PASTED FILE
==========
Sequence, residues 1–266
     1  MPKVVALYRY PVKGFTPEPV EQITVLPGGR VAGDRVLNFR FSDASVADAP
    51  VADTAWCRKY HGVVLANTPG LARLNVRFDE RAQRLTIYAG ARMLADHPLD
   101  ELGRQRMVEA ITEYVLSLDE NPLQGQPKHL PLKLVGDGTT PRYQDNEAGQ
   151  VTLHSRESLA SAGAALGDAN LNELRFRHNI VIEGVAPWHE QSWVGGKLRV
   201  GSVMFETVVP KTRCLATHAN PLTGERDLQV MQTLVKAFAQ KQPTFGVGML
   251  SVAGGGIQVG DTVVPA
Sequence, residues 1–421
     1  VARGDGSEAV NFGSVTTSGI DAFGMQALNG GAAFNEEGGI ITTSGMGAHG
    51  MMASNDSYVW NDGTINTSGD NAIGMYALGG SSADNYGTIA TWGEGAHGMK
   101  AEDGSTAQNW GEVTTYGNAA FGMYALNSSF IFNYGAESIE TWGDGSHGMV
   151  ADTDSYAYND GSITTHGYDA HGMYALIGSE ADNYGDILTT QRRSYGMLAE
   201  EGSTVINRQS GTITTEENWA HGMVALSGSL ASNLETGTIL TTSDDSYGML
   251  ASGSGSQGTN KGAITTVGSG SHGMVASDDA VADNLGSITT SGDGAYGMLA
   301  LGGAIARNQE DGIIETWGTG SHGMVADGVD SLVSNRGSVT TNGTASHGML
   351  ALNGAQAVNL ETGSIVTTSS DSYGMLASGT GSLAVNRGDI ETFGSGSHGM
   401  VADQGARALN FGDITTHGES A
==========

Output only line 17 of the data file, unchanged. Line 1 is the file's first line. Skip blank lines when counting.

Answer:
   401  VADQGARALN FGDITTHGES A